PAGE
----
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Implications of the Israeli Election for George Mitchell’s work

His second day in office, President Obama appointed former senator George Mitchell as the American special envoy to the Middle East, indicating he wanted to make the region a top priority on his foreign agenda. But a perceivable shift to the right in Tuesday’s election results in Israel may hinder Obama’s hopes for a swift peace between Israel and Palestine, Griff Witte and Glenn Kessler report in The Washington Post. Aaron David Miller, former U.S. peace negotiator, puts it this way:

This is like hanging a “closed for the season” sign on any peacemaking for the next year or so.

Kessler and Witte write that although the results themselves remain incomplete, the anticipation that an Israeli government “uninterested in peace talks” will emerge to form a governing coalition is strong. The gains of the ultra-nationalist party Beiteinu and Israel’s right-wing Likud party don’t seem to bode well for Obama’s immediate agenda.

Also, the lack of a clear victor in the elections stifles the hope for future peace moves in an already tricky atmosphere:

In many ways, the deep split in the Israeli electorate mirrors the split within the Palestinian government, between the Fatah party that controls the West Bank and the Hamas organization that controls the Gaza Strip. Fatah favors a negotiated settlement with Israel; Hamas rejects Israel’s existence. Israeli and Palestinian societies are so divided, with such politically weak leaders, that few believe either the Israelis or the Palestinians can muster the will to reach a deal.

Even if Tzipi Livni, head of the centrist Kadima party and an advocate for peace negotiations with Palestine, can piece together a coalition in the coming weeks, she’ll most likely be handicapped by her coalition partners. Her narrow victory over Binyamin Netanyahu, head of the Likud party, does not change the fact that even a “broad unity government” would probably impede decisive peace moves but easily reach a consensus on military strikes, such as the Israeli invasion of Gaza in recent weeks.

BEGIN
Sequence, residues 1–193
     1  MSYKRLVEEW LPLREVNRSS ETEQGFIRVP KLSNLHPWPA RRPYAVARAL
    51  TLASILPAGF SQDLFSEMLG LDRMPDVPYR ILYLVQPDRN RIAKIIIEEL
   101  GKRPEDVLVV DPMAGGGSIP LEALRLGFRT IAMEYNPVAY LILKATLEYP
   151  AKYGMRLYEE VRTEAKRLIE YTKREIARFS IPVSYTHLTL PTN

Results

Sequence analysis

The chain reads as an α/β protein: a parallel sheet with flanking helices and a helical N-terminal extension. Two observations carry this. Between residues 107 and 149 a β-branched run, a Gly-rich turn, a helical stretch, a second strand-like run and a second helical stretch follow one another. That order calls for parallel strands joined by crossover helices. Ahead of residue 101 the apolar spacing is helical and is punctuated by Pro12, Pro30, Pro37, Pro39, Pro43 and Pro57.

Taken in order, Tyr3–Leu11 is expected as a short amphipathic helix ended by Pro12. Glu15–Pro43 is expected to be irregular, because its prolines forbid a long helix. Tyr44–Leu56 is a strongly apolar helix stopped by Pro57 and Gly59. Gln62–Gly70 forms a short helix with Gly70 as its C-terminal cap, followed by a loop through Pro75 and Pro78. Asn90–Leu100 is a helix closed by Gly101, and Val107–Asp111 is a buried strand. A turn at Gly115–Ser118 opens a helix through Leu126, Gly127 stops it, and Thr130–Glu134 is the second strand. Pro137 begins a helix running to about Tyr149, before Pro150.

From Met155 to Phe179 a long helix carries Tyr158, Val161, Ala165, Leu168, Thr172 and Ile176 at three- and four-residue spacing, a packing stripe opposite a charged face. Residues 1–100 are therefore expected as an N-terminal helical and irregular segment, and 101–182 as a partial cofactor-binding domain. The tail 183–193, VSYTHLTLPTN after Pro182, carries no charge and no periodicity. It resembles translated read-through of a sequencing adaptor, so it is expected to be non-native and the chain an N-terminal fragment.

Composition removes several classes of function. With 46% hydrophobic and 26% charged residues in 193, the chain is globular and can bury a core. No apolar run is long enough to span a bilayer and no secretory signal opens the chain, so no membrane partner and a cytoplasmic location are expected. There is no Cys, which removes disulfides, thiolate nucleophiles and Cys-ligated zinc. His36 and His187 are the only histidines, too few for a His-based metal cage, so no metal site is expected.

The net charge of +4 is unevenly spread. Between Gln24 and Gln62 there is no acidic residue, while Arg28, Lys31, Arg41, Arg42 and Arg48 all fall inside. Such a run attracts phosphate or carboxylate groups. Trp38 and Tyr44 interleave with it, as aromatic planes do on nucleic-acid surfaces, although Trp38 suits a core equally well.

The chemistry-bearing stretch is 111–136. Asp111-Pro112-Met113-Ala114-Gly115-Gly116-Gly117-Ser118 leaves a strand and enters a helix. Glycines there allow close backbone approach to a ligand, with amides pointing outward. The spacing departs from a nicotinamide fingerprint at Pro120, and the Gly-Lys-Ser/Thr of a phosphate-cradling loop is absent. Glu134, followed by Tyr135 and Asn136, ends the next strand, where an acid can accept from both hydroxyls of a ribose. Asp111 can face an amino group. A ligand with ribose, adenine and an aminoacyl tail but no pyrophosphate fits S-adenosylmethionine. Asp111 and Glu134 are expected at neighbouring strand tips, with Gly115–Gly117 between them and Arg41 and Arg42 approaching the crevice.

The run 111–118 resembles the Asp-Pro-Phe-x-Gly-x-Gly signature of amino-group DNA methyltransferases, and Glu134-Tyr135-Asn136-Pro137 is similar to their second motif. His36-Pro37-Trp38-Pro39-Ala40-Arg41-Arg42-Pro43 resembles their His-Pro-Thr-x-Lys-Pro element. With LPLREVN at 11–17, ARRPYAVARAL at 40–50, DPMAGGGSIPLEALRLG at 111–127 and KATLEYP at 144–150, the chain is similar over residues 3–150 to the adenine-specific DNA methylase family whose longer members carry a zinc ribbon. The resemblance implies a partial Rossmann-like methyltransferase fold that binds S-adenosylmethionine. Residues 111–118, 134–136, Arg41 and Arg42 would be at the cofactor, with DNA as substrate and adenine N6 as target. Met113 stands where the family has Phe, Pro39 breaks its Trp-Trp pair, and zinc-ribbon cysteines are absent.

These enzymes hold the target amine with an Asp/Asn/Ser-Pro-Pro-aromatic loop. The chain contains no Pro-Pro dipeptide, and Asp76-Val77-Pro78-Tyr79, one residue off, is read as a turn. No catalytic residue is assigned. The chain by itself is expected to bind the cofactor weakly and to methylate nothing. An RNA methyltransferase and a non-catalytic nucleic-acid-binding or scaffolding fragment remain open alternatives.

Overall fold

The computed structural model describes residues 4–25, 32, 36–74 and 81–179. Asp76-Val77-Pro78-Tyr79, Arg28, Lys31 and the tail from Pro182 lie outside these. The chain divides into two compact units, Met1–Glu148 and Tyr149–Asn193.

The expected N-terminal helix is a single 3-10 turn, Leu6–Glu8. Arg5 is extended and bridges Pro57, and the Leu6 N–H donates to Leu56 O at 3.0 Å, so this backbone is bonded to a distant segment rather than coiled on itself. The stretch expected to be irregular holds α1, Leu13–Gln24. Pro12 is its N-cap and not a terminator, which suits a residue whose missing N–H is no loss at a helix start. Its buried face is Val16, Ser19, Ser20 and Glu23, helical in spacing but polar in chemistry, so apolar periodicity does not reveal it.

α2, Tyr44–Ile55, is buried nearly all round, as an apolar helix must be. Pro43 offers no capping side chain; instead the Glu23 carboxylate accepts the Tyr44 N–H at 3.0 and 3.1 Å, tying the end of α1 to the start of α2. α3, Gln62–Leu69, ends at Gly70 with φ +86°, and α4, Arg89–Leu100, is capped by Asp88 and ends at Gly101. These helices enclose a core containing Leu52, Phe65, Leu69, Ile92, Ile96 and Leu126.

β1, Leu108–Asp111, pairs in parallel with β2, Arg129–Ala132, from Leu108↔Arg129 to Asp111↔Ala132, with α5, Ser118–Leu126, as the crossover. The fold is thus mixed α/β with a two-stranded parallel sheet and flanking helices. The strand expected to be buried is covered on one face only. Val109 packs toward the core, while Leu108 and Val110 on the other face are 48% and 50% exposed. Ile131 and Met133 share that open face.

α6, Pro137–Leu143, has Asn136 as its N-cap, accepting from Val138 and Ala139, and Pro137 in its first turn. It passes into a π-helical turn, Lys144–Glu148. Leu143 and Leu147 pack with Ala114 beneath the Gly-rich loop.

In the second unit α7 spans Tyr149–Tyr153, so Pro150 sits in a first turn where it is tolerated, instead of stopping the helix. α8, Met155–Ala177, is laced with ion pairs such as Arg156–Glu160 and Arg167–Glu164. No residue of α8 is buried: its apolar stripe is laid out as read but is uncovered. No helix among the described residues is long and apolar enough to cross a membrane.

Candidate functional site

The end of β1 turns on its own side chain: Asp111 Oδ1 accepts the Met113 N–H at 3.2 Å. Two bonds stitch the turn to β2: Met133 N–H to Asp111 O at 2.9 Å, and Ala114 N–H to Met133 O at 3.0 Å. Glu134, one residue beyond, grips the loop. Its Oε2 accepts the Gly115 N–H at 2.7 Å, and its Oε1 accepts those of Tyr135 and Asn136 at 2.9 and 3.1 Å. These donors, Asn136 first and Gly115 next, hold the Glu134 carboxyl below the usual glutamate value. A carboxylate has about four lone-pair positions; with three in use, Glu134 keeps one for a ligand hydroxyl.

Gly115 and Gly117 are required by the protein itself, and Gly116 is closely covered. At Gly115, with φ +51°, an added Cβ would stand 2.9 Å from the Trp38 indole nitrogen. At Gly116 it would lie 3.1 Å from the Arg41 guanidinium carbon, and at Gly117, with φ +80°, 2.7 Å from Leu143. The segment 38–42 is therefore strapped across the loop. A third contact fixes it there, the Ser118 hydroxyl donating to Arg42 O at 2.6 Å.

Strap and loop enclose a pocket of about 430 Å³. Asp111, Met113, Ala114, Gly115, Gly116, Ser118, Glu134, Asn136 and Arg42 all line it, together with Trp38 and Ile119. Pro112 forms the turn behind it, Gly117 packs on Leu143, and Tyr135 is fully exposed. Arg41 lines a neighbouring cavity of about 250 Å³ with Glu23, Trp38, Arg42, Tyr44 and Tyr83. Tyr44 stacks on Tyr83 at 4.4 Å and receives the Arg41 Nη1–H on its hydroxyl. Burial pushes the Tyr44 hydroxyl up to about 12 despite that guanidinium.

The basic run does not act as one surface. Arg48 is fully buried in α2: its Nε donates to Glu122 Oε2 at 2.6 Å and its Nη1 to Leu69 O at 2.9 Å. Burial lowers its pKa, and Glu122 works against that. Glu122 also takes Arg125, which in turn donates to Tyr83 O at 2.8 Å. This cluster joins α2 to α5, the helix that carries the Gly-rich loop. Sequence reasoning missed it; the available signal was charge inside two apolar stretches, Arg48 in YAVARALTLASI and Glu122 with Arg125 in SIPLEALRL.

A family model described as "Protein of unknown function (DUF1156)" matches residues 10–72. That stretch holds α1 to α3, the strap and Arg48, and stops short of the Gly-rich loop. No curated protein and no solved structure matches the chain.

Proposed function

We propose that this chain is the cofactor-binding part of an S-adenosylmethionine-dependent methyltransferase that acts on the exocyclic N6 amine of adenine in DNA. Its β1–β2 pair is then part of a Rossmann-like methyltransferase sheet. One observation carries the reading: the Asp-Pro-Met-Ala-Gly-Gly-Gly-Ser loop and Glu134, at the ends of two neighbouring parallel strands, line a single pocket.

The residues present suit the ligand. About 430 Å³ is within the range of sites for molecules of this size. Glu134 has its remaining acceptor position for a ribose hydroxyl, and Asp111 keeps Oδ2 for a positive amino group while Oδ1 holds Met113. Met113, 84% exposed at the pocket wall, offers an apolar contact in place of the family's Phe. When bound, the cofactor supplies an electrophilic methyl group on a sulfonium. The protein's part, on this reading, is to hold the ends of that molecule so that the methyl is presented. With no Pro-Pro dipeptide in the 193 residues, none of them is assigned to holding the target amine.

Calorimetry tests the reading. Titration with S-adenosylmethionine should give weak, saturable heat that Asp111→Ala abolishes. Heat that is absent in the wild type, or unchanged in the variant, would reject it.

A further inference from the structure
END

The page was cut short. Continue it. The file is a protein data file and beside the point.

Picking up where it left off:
The Obama administration faces future relations with Livni, who guided Israel’s negotiations throughout last year’s Annapolis talks and is “prefer[able]” to Netanyahu, who refuses to divide Jerusalem and is wary of giving up the West Bank to Palestinian negotiators. Still, he could be “susceptible to U.S. pressure”:

Netanyahu has deep connections to the United States, and few in Israel expect him to do anything that would jeopardize American support. With U.S. mediation, Netanyahu agreed during his tenure as prime minister to a peace deal under which Palestinians received partial control over the West Bank city of Hebron.

–Cosette Wong, Trinity ’10

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  1. Bruce Lawrence
    February 15, 2009 at 5:03 pm

    While I would like to believe that Netanyahu would not take a hard line on peace prospects, due to fear
    of disappointing and/or alienating the Obama administration, I’ve learned to expect to be disappointed by any prospect that he will change colors, and actually accept the compromises that a genuine Arab-Israeli peace accord would entail.

    Livni is hard to read, especially since her track record is so much briefer than Netanyahu’s, but I have to hope that she would bend toward Hilary, who considers herself to be on the inside track with all women politicians, not least this rising star
    in Israeli national politics, and Hilary, in turn, would have to advocate the general line that Mitchell, working on President Obama’s behalf, would advocate.

    Half full or half empty? It’s too early to tell, but I’ll be an optimist and continue to hope that the glass is half full for the much needed, and too oft delayed, prospect of a durable, and just, Arab-Israeli peace during the next 8 years.

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